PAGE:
Arts & Culture


Holocaust Survivors’ Stories as Cartoons

By Anna Goldenberg

When filmmaker Nasya Kamrat sought for a way to remember her Holocaust survivor grandfather, she had an unusual idea: Use his paintings for an animated documentary.Read More


The Charmed Life of Charmed Bracelets

By Jenna Weissman Joselit

Charm bracelets were beloved by everyone from Mamie Eisenhower to Jenna Weissman Joselit’s Aunt Sylvie. They have largely disappeared, but their cultural value lives on.Read More


Ellen Willis and Me

By Ezra Glinter

The legendary feminist critic, writer and editor Ellen Willis died in 2006. But a new collection of her essays reminds Ezra Glinter that her voice has a lasting impact.Read More


A Tale of Twins Who Are Connected — Very Closely

By Jesse Oxfeld

‘Sideshow,’ the saga of the conjoined twin sisters, is simultaneously wonderful and ridiculous. Jesse Oxfeld assesses the Kennedy Center revival of the beloved Broadway flop.Read More


The True Story of Maine's Potato King — My Great-Grandfather's Rise and Fall

By Josh Nathan-Kazis

Josh Nathan-Kazis journeyed to a tiny Maine town in search of his roots. He found the tale of Jake Etscovitz, who built a Jewish life in the wilderness — and spent his life dressed for Fifth Ave.Read More


How Liturgy Can Co-Exist With Backstreet Boys and The Wu-Tang Clan

By Raphael Magarik

Many Jewish liturgical tunes take melodies from secular music. Did Raphael Magarik go too far by grabbing the melody from rap’s Wu-Tang Clan or a Yom Kippur service?Read More


'Seinfeld' Revolutionized Pop Culture 25 Years Ago — and That's a Bad Thing

By Joshua Furst

25 years ago, ‘Seinfeld’ debuted and revolutionized American pop culture. Joshua Furst argues it also paved the way for smug complacency and entitlement.Read More


'The Search' Relives Auschwitz — in Chechnya

By A.J. Goldmann

Oscar-winning director Michel Hazanavicius has updated the classic Holocaust melodrama ‘The Search.’ Yet he gives the film a haunting new setting: Chechnya.Read More


An Atheist’s Case for Talmud

By Leah Vincent

As a rabbi’s daughter, Leah Vincent was never allowed to learn Talmud. Years after abandoning ultra-Orthodoxy, she sets out to rediscover the ancient Jewish law books.Read More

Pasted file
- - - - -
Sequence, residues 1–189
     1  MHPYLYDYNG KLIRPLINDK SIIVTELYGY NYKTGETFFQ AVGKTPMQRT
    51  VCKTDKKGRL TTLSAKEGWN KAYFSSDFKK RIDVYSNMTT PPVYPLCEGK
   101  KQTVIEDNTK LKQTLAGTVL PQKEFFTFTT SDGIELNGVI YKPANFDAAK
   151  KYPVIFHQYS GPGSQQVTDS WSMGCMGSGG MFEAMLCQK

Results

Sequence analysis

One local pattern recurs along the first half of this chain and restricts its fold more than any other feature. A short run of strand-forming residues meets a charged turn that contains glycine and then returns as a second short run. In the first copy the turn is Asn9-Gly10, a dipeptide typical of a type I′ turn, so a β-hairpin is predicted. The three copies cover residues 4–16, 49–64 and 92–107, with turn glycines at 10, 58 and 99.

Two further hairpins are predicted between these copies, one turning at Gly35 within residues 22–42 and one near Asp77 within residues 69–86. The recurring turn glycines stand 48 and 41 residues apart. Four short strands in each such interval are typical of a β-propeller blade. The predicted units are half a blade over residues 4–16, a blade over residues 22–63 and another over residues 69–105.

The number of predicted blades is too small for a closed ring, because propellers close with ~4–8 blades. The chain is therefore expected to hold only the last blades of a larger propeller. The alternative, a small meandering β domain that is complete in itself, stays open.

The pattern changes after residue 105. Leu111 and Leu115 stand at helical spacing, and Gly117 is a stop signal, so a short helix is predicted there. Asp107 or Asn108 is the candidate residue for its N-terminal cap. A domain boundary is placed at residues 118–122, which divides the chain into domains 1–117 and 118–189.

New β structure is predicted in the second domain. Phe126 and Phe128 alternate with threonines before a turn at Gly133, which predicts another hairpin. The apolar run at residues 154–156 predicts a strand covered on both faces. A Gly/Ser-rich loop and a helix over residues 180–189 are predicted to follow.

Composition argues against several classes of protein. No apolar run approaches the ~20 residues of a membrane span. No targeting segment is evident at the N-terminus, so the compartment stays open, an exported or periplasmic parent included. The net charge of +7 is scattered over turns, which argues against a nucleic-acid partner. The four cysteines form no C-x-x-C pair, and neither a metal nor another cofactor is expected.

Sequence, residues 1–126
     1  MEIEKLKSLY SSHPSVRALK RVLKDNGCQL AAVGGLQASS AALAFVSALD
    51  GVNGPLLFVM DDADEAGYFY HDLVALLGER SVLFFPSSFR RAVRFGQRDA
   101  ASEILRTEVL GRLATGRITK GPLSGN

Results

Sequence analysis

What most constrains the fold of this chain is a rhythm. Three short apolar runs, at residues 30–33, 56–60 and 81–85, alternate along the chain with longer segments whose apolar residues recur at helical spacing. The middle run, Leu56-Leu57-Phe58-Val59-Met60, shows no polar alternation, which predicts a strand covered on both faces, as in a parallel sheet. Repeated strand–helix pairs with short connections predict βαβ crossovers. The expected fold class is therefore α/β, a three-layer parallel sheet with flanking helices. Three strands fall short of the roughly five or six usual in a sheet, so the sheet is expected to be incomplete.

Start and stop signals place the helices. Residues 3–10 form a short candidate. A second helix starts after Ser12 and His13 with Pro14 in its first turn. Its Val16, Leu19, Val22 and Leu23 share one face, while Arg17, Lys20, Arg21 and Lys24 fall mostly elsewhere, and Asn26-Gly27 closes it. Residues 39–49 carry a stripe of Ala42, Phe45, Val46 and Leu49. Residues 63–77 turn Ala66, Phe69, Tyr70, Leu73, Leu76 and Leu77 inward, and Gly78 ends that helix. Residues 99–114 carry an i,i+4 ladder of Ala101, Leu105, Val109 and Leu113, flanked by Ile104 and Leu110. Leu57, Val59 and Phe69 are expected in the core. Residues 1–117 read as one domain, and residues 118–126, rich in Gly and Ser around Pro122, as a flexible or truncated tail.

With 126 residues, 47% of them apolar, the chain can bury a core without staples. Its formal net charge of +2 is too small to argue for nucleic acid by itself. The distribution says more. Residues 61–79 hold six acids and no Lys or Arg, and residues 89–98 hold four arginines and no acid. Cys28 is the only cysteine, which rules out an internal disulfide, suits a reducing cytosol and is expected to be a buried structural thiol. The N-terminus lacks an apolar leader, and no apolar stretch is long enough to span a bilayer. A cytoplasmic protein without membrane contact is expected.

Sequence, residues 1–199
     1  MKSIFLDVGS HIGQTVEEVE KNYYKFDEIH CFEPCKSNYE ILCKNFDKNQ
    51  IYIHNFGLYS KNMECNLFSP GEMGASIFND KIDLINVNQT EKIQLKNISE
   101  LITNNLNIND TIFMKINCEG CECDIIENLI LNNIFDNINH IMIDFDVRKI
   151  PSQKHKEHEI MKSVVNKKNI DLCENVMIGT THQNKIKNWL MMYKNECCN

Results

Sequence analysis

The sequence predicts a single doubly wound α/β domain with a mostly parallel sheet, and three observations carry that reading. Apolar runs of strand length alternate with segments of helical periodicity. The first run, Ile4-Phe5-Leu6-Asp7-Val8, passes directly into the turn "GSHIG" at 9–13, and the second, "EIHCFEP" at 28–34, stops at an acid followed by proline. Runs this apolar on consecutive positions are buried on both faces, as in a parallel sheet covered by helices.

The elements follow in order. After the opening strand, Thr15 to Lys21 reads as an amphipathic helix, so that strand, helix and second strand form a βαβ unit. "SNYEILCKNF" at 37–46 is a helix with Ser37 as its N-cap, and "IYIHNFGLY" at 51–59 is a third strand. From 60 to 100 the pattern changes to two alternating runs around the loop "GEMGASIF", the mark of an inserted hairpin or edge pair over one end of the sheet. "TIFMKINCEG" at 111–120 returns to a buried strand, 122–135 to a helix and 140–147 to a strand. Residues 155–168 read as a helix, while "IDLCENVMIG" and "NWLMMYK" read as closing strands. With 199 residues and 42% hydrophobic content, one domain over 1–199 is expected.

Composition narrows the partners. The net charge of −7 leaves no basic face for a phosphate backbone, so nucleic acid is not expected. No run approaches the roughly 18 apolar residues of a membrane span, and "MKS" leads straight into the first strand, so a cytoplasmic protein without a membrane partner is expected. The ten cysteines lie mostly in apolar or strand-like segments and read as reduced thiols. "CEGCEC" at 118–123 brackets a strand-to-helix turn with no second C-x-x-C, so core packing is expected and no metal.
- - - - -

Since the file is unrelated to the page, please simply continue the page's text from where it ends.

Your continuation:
Remembering the Life and Films of Paul Mazursky

By Benjamin Ivry

Born Irwin Mazursky in Brooklyn, Paul Mazursky became the quintessential American filmmaker of the 1970’s. Benjamin Ivry remembers his life and legacy.Read More





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  • Slate.com's Allison Benedikt wrote that Taglit-Birthright Israel is partly to blame for the death of American IDF volunteer Max Steinberg. This is why she's wrong:
  • Israeli soldiers want you to buy them socks. And snacks. And backpacks. And underwear. And pizza. So claim dozens of fundraising campaigns launched by American Jewish and Israeli charities since the start of the current wave of crisis and conflict in Israel and Gaza.
  • The sign reads: “Dogs are allowed in this establishment but Zionists are not under any circumstances.”
  • Is Twitter Israel's new worst enemy?
  • More than 50 former Israeli soldiers have refused to serve in the current ground operation in #Gaza.
  • "My wife and I are both half-Jewish. Both of us very much felt and feel American first and Jewish second. We are currently debating whether we should send our daughter to a Jewish pre-K and kindergarten program or to a public one. Pros? Give her a Jewish community and identity that she could build on throughout her life. Cons? Costs a lot of money; She will enter school with the idea that being Jewish makes her different somehow instead of something that you do after or in addition to regular school. Maybe a Shabbat sing-along would be enough?"
  • Undeterred by the conflict, 24 Jews participated in the first ever Jewish National Fund— JDate singles trip to Israel. Translation: Jews age 30 to 45 travelled to Israel to get it on in the sun, with a side of hummus.
  • "It pains and shocks me to say this, but here goes: My father was right all along. He always told me, as I spouted liberal talking points at the Shabbos table and challenged his hawkish views on Israel and the Palestinians to his unending chagrin, that I would one day change my tune." Have you had a similar experience?
  • "'What’s this, mommy?' she asked, while pulling at the purple sleeve to unwrap this mysterious little gift mom keeps hidden in the inside pocket of her bag. Oh boy, how do I answer?"
  • "I fear that we are witnessing the end of politics in the Israeli-Palestinian conflict. I see no possibility for resolution right now. I look into the future and see only a void." What do you think?
  • Not a gazillionaire? Take the "poor door."
  • "We will do what we must to protect our people. We have that right. We are not less deserving of life and quiet than anyone else. No more apologies."
  • "Woody Allen should have quit while he was ahead." Ezra Glinter's review of "Magic in the Moonlight": http://jd.fo/f4Q1Q
  • Jon Stewart responds to his critics: “Look, obviously there are many strong opinions on this. But just merely mentioning Israel or questioning in any way the effectiveness or humanity of Israel’s policies is not the same thing as being pro-Hamas.”
  • "My bat mitzvah party took place in our living room. There were only a few Jewish kids there, and only one from my Sunday school class. She sat in the corner, wearing the right clothes, asking her mom when they could go." The latest in our Promised Lands series — what state should we visit next?
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